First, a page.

Second Life of a Hungarian SharePoint Geek

June 17, 2014

How to restrict the properties and Filter the results of Client Object Model requests sent from PowerShell – The alternative solution without expression trees

Filed under: Managed Client OM, PowerShell, SP 2013 — Tags: , , — Peter Holpar @ 23:24

Recently I blogged about how to implement the Where and Include functionality of the Client Object Model requests sent from PowerShell. That is great, however I don’t really like the idea to create Expression trees from scratch manually and call a lot of generic methods using Reflection to achieve this goal.

Isn’t there a simpler solution out there? Yes, there is.

In the solution illustrated below I split the functionality into two separate components. I create a static helper class that includes all of the linguistic features that are problematic to achieve form the standard PowerShell toolset.

Note: The sample below includes the Take function beyond the Where and Include methods, so only the first matching child element will be returned.

  1. public static class QueryHelper
  2. {
  3.     public static IQueryable<Field> FilterFields(this FieldCollection fields)
  4.     {
  5.         return fields.Where(f => f.TypeAsString == "Guid").Take(1).Include(f => f.Id, f => f.InternalName);
  6.     }
  7. }

The second component calls the helper method introduced above. This code contains only simple client object model features, all of the available via simple PowerShell method calls.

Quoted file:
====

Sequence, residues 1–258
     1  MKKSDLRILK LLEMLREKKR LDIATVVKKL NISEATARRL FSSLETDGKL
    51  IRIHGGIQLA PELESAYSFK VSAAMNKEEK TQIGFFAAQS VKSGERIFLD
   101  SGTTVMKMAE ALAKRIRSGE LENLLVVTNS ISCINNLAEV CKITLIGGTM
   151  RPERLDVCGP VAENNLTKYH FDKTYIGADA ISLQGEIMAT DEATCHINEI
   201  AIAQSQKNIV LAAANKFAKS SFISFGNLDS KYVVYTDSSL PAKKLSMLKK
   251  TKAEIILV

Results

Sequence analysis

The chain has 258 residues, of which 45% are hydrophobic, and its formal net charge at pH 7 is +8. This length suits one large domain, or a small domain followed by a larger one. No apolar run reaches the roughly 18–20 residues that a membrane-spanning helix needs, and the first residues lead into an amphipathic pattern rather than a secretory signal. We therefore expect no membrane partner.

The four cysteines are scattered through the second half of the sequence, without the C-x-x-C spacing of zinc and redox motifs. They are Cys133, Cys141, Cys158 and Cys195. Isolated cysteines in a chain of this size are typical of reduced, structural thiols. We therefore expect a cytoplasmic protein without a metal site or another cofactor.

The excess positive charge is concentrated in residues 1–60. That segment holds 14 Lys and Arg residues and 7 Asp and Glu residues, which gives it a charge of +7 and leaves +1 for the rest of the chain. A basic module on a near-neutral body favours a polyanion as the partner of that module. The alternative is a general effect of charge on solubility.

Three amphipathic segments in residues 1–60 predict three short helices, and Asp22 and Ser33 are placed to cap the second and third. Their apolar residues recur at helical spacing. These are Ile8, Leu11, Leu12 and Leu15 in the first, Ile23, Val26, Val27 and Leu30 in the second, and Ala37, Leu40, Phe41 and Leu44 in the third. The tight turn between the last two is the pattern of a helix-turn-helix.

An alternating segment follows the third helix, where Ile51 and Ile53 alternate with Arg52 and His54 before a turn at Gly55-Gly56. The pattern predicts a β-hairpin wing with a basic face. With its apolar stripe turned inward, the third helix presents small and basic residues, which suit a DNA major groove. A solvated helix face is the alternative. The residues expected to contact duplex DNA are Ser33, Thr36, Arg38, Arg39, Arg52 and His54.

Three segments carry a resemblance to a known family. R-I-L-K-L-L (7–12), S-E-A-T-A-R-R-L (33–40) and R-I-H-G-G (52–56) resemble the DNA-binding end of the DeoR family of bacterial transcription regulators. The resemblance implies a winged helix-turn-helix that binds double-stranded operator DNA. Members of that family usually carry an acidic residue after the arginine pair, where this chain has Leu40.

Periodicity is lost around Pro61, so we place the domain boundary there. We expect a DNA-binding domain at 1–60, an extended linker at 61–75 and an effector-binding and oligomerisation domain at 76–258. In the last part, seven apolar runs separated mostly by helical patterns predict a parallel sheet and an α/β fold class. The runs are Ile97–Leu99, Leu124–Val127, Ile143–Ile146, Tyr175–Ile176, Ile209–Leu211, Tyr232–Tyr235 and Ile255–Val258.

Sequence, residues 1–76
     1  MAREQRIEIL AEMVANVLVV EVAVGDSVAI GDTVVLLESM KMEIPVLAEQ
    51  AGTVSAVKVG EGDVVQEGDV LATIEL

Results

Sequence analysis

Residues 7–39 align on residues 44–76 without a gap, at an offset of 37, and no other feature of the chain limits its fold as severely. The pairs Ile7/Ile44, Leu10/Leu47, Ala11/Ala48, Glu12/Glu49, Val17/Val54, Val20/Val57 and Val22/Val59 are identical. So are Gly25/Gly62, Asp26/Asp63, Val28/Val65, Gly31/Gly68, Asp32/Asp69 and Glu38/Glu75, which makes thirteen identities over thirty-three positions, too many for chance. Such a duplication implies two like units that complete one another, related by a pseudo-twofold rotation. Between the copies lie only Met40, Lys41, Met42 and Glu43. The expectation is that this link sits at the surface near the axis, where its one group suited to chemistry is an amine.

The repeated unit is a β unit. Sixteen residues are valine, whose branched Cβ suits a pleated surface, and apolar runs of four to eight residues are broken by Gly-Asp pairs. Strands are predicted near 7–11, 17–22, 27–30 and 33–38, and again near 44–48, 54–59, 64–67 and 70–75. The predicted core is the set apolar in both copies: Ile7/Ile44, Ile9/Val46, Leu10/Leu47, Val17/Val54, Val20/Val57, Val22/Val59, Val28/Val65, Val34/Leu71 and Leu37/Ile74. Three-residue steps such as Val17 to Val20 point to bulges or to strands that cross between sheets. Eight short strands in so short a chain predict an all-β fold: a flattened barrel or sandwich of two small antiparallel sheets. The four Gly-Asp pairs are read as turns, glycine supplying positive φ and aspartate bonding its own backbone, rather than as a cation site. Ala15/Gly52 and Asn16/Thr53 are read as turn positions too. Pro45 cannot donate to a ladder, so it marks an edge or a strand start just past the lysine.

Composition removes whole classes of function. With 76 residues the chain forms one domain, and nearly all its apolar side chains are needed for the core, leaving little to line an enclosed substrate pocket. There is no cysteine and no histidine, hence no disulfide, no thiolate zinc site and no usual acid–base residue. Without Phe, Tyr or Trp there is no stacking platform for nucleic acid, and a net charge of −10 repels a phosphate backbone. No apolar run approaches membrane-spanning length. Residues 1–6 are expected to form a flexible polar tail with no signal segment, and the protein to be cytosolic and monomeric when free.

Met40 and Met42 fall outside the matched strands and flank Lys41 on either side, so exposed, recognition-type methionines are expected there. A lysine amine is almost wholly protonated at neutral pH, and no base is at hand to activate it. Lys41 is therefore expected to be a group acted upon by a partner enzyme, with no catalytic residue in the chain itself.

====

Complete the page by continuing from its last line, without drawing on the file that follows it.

1. ClientContext ctx = new ClientContext("http://sp2013&quot;);
  2. var list = ctx.Web.Lists.GetByTitle("Images");
  3. var fieldsQuery = list.Fields;
  4. var fields = ctx.LoadQuery(QueryHelper.FilterFields(fieldsQuery));
  5. ctx.ExecuteQuery();

In the next step we translate the second component to PowerShell, however we leave the C# code for the first part. From the C# code we build a temporary assembly in runtime, and call the helper method from PowerShell.

I’ve created two alternative solutions, in the first one, the code is compiled via the native Add-Type PowerShell cmdlet:

  1. $url = "http://sp2013&quot;
  2.  
  3. $referencedAssemblies = (
  4.     "Microsoft.SharePoint.Client, Version=14.0.0.0, Culture=neutral, PublicKeyToken=71e9bce111e9429c",
  5.     "Microsoft.SharePoint.Client.Runtime, Version=14.0.0.0, Culture=neutral, PublicKeyToken=71e9bce111e9429c",
  6.     "System.Core, Version=3.5.0.0, Culture=neutral, PublicKeyToken=b77a5c561934e089")
  7. $sourceCode = @"
  8. using Microsoft.SharePoint.Client;
  9. using System.Collections.Generic;
  10. using System.Linq;
  11. public static class QueryHelper
  12. {
  13.   public static IQueryable<Field> FilterFields(this FieldCollection fields)
  14.   {
  15.     return fields.Where(f => f.TypeAsString == "Guid").Take(1).Include(f => f.Id, f => f.InternalName);
  16.   }
  17. }
  18. "@
  19.  
  20. Add-Type -ReferencedAssemblies $referencedAssemblies -TypeDefinition $sourceCode -Language CSharp;
  21. Add-Type -Path "C:\Program Files\Common Files\microsoft shared\Web Server Extensions\15\ISAPI\Microsoft.SharePoint.Client.dll"
  22. Add-Type -Path "C:\Program Files\Common Files\microsoft shared\Web Server Extensions\15\ISAPI\Microsoft.SharePoint.Client.Runtime.dll"